Joe Nocera: Silicon Valley’s Mirror Effect

Kapor Center

“If meritocracy exists anywhere on earth, it is in Silicon Valley,” wrote David Sacks in an email to The Times’s Jodi Kantor.

Kantor was working on an article, published in The Times on Tuesday, about the Stanford class of 1994 — the class that graduated a year before Netscape went public, and, for all intents and purposes, started the Internet economy. She was exploring why the men in that class had done so much better in Silicon Valley than the women.

Sacks, meanwhile, was one of the most successful members of the class. At Stanford he wrote for The Stanford Review, “a conservative-libertarian campus newspaper,” where he befriended Peter Thiel, a fellow libertarian. Then, in 1998, Sacks, Thiel and a handful of others — overwhelmingly white and male — founded PayPal, which made them all very rich. Since then, the PayPal Mafia, as these men are known in Silicon Valley, have seeded companies, founded companies and sold companies — in effect, financing another generation of (mostly) young white men.

In the email, which Kantor posted on her Facebook page, Sacks described meritocracy as one of his “core values,” and noted that when he has hired and promoted women, it was because they were the top candidates. “I chose the best person for the job, I needed the best talent to win, and I wanted to foster a culture of excellence.”

Well, maybe. But, as Kantor pointedly asks in a short introduction to Sacks’s email, if Silicon Valley is truly a meritocracy, “why do mostly men prevail?”

This is a question that has become increasingly urgent. This summer, Jesse Jackson shamed a number of important Silicon Valley companies, including GoogleFacebookApple and LinkedIn, into publishing a breakdown of their employees by race and sex. The numbers are appalling — something the companies were forced to concede once the figures became public. At LinkedIn, 2 percent of the work force is black, and 4 percent is Hispanic. Google is 70 percent male, with 91 percent of its employees either white or Asian. Facebook: 69 percent male and 91 percent white or Asian. When it comes to leadership positions or board seats, the numbers are even worse. Can this really be the result of “meritocracy?”

There aren’t many women or African-Americans working in Silicon Valley who would agree. “Silicon Valley’s obsession with meritocracy is delusional,” Freada Kapor Klein, the co-chair of the Kapor Center for Social Impact, told The Los Angeles Times in May. “Unless someone wants to posit that intelligence is not evenly distributed across genders and race, there has to be some systemic explanation for what these numbers look like.” Her husband, Mitch Kapor, designed Lotus 1-2-3, the seminal spreadsheet program that helped to make the IBM PC famous, and he calls the reality of Silicon Valley’s hiring practices a “mirror-tocracy.”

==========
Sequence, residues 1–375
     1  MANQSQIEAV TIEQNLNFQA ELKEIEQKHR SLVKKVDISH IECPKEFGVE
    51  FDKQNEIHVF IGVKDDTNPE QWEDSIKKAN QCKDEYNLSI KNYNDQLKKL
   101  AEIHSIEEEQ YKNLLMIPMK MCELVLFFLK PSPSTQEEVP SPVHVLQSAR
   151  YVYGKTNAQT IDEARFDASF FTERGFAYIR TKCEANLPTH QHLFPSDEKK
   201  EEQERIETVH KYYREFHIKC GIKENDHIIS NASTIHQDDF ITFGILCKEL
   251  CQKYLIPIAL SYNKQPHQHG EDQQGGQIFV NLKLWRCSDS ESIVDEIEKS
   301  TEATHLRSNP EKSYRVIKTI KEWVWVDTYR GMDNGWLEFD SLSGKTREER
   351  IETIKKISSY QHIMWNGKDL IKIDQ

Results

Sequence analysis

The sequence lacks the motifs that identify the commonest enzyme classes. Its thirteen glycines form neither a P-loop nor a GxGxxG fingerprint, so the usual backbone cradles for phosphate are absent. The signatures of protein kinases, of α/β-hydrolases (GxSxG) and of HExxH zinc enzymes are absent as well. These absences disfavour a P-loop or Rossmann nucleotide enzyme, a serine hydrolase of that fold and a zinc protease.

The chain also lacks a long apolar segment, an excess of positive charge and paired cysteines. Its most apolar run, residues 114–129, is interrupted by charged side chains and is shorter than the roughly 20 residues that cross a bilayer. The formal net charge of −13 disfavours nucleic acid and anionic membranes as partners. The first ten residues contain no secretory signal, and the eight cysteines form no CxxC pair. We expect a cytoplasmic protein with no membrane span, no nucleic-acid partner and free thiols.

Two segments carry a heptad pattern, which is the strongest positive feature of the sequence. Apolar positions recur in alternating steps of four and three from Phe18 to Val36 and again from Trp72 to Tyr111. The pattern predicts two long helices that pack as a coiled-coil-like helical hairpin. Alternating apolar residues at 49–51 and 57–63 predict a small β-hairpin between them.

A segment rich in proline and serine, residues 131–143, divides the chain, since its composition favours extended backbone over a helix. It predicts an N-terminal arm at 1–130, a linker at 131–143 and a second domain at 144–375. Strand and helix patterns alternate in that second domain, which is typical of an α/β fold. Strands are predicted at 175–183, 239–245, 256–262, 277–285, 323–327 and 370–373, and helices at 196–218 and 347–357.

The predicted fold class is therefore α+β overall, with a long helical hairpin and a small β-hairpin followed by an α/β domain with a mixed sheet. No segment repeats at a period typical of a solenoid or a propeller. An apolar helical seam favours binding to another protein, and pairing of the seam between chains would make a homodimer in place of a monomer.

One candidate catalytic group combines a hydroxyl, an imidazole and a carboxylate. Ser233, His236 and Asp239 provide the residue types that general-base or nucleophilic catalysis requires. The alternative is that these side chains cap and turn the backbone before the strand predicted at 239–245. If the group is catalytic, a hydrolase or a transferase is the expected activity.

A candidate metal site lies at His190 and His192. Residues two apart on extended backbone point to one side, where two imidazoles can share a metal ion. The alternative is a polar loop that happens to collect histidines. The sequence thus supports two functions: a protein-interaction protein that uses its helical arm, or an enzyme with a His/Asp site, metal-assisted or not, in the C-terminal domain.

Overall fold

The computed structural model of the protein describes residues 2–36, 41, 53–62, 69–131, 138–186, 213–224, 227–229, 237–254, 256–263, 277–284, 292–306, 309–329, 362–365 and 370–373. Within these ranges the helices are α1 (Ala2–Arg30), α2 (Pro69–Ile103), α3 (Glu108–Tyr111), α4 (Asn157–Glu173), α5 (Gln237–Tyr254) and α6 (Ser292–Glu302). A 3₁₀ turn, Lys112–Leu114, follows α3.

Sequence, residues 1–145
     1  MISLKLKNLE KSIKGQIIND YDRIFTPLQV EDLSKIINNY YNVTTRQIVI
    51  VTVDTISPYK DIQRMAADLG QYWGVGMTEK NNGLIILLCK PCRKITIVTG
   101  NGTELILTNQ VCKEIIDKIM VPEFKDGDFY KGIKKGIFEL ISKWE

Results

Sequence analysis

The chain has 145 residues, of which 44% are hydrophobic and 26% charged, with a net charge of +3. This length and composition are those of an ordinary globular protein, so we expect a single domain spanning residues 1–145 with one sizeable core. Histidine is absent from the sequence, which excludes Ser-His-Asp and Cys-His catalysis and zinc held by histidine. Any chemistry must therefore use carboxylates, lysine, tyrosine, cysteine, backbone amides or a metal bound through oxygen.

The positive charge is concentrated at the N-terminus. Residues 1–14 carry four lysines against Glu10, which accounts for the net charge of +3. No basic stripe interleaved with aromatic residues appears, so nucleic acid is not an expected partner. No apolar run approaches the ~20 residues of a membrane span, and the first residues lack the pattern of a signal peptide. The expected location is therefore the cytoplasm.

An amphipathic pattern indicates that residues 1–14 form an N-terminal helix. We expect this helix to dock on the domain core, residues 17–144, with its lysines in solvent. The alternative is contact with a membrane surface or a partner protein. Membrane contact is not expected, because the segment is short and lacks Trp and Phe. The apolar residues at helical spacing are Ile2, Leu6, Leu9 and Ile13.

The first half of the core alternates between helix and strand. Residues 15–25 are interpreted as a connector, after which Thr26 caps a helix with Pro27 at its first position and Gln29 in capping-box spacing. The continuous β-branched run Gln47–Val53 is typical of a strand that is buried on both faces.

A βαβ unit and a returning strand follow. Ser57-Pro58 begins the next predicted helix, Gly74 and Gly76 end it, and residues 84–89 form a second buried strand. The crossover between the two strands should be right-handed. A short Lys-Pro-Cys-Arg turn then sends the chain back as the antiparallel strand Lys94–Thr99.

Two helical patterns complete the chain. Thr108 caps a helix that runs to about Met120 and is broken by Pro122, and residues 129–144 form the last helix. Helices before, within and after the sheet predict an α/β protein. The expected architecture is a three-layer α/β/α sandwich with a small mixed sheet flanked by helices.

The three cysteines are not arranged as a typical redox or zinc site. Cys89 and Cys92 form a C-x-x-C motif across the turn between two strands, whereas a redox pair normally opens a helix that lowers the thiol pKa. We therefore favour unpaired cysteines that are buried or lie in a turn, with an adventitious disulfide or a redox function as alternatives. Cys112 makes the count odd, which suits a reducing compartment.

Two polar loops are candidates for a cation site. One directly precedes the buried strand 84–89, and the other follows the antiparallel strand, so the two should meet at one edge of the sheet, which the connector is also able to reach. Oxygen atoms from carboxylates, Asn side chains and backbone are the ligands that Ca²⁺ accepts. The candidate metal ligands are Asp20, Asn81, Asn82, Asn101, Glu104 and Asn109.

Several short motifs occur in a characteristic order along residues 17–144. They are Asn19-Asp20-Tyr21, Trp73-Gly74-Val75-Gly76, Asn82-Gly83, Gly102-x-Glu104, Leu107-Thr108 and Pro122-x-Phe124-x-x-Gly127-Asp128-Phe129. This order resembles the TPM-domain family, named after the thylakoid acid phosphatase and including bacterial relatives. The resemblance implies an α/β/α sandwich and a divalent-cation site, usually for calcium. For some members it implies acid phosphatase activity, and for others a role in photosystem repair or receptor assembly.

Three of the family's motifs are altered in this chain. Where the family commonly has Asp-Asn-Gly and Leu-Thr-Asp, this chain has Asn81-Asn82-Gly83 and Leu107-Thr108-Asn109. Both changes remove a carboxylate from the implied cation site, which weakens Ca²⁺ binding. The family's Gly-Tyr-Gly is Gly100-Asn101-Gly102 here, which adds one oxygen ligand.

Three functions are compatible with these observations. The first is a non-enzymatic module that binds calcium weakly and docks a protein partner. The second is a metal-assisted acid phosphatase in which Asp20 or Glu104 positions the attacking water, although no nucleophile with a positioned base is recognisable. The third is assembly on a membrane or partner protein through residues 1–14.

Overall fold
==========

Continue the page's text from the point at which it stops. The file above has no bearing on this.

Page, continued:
In its December issue, Fast Company published two articles about being black in Silicon Valley that included a round-table discussion with a handful of African-American tech leaders. They talked partly about the cultural reasons that African-Americans have been underrepresented: It can be hard to take a big financial risk when you don’t have a safety net — like parents or friends with money — to fall back on if you fail. They note that so often, Silicon Valley executives only want to hire people who have graduated from certain schools, like Stanford or Harvard. Very few recruit from Clemson, even though, as Nicole Sanchez, a diversity consultant, told me, “Clemson graduates the most black computer science graduate students in the country.”

But what shines through most is the extent to which people in Silicon Valley exhibit “unconscious bias.” “The meritocratic glow of Silicon Valley is so frustrating,” said Kanyi Maqubela, a partner at The Collaborative Fund, during the Fast Company round table. “It creates a pass for people who use things like the ‘culture filter’ ” — such as sharing the same interests as others at the company. “What’s the culture filter?” he continued. “An easy excuse to be prejudiced.”

Fundamentally, people who create companies, with the attendant intensity and pressure, want to be around people like themselves. They tend to be more forgiving of those like themselves, too. One man Kantor mentions in her article — and several women mentioned to me when I was researching this column — is Keith Rabois. Another member of the PayPal Mafia, Rabois left his job at Square in January 2013 after sexual harassment allegations — which Rabois denied — were made by a former lover who also worked at the company. Within one month, Rabois had joined a venture capital firm. If a woman or an African-American had faced the same type of charges, would she or he have rebounded as quickly? It’s doubtful.

It is easy to understand the appeal of going into business with your friends — and then surrounding yourself with mirror images of yourself. But let’s at least not call it a meritocracy.